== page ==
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I apologize for the lengthy preamble, I have no idea how much of what I am relying on is common knowledge (or even correct to be honest). Let $G=\langle S\mid R\rangle$ be a finitely presented group of rank $n$, and define $\sigma:\mathbb{F}_n\to \mathbb{Z}$ to be the sum of the exponents of an element of $\mathbb{F}_n,$ with the usual basis for $\mathbb{F}_n$. We see $\sigma$ is well defined, since $\mathbb{F}_n$ is a group of equivalence classes on $n$ letters (and $n$ "inverse" letters) where $x\sim y$ if and only if $x=ww'$ and $y=waa^{-1}w'$ where $w,w'$ are strings on $n$ letters and $a$ is a letter. Now, suppose $\sigma(r)=0$ for all $r\in R.$ Then $\sigma$ may be defined similarly on $G$, since $G$ is a group of equivalence classes of elements of $G$ where $x\sim y$ if and only if $x=ww'$ and $y=wpw',$ where either $p=ss^{-1}$ for $s\in S$ or $p\in R.$

Examples of groups of this type include Right Angled Artin Groups, Free Groups (since $R=\{\}$ in this case), and Braid Groups.

My question is this: are all of these groups totally orderable?

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    $\begingroup$ Your $\sigma$ is only well-defined if you fix a basis. For example, the free group of rank $2$ can be generated by either $x$ and $y$; or by $xy$ and $y$. The sum of exponents of $xy^2$ relative to the first basis is $3$, but the sum of exponents relative to the second basis is $2$, since $xy^2 = (xy)y$ is a product of just two basis elements, raised to the first power. So you need to specify your free basis for $\sigma$ to work. $\endgroup$ Jan 14, 2020 at 7:24
  • $\begingroup$ The title is misleading: I think you mean "with relators whose exponents sum to $0$". $\endgroup$
    – YCor
    Jan 14, 2020 at 19:54
  • $\begingroup$ You should define "totally orderable". It sometimes means: admits a left-invariant total order; sometimes, admits a bi-invariant total order, which is strictly stronger. Anyway this doesn't matter since the answer shows that you can even arrange the group to be non-torsion-free, say with $\langle x,y|[x,y]^2\rangle$. $\endgroup$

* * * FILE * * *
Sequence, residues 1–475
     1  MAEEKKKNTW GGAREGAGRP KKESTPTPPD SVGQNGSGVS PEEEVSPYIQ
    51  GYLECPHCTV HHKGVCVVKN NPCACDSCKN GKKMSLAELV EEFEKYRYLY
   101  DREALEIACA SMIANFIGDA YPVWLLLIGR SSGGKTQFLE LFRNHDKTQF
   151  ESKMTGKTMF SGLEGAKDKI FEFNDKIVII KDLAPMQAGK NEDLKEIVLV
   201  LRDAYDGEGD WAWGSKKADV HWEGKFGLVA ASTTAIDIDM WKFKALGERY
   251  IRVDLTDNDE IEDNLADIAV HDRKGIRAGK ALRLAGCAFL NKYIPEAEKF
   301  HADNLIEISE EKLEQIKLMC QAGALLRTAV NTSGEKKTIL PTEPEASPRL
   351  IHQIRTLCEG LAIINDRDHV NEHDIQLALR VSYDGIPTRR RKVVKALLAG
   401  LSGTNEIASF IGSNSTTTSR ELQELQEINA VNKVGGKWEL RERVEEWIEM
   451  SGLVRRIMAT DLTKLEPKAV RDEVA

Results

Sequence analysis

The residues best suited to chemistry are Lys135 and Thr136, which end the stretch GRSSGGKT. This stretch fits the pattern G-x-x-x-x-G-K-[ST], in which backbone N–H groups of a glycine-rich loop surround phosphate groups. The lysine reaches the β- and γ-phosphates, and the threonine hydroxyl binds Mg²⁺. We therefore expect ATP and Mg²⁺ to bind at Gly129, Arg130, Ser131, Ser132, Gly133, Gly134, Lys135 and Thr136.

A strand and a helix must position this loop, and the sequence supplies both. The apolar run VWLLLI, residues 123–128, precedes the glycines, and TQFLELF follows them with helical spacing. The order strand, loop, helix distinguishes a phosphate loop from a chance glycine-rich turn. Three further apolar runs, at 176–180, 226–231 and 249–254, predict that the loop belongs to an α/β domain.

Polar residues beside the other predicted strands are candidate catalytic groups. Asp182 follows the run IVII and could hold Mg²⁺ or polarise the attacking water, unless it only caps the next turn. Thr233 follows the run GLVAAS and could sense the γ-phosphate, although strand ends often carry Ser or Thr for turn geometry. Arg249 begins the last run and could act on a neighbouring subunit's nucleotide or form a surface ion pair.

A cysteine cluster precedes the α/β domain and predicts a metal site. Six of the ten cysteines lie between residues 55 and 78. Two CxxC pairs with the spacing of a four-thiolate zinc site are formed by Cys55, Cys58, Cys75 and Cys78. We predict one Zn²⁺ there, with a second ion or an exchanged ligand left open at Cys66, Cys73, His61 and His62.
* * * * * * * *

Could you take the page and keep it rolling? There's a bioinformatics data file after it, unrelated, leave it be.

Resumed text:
– YCor
    Jan 14, 2020 at 19:55

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Any group with a presentation of the form $\langle \mathbf{x}\mid R^n\rangle$, with $R\in [F(\mathbf{x}), F(\mathbf{x})]$ and $n>1$, satisfies the exponent-sum condition and contains torsion elements$^{[1]}$. However, these groups are not totally-ordered as any totally-ordered group is torsion-free.

The issue with your idea is that it is simply saying that the group $G$ surjects onto $\mathbb{Z}^{|S|}$, which is a "global" property of the group. For orderability you need "local" properties, so properties of (finitely generated) subgroups. In the above example, although the group itself maps onto $\mathbb{Z}$, the subgroup $\langle R\rangle$ does not.

A condition which does imply orderability is local indicability. A group is locally indicable if every finitely generated subgroup subject into $\mathbb{Z}$. These groups were first studied by Higman in his PhD thesis (regarding zero divisors of group rings), and they admit a total order (although not necessarily a two-sided order). It is a theorem of Brodskii, and independently Howie$^{[2]}$, that torsion-free one-relator groups are locally indicable (so groups $\langle \mathbf{x}\mid R\rangle$ where $R\neq S^n$ for any $n>1$, and no restriction on $R$ only being taken from the derived subgroup!).


For the specific groups you mention: free groups, and more generally RAAGS, are bi-orderable$^{[3]}$, while the Braid groups $B_n$ are not for $n\geq3$$^{[4]}$. However, the braid groups $B_n$ are all right-orderable, $n\geq1$$^{[5]}$.


[1] Theorem 4.12 of the book Wilhelm Magnus, Abraham Karrass, and Donald Solitar. Combinatorial group theory. Dover Publications, 1976.

[2] Howie, James. "On locally indicable groups." Mathematische Zeitschrift 180.4 (1982): 445-461.

[3] Duchamp, Gérard, and Jean-Yves Thibon. "Simple Orderings for Free Partially Commutative Groups." IJAC 2.3 (1992): 351-356.

[4] Neuwirth, Lo Po. "The status of some problems related to knot groups." Topology conference. Springer, Berlin, Heidelberg, 1974.

[5] Dehornoy, Patrick. "Braid groups and left distributive operations." Transactions of the American Mathematical Society 345.1 (1994): 115-150.

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  • $\begingroup$ Surely both $B_1$ and $B_2$ are right-orderable, for silly reasons $\endgroup$ Jan 15, 2020 at 15:35
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    $\begingroup$ @RyleeLyman Yes, they are also bi-orderable! The $n\geq3$ was attached to the wrong statement. I've correct it now. Thanks. $\endgroup$
    – user1729
    Jan 15, 2020 at 16:14

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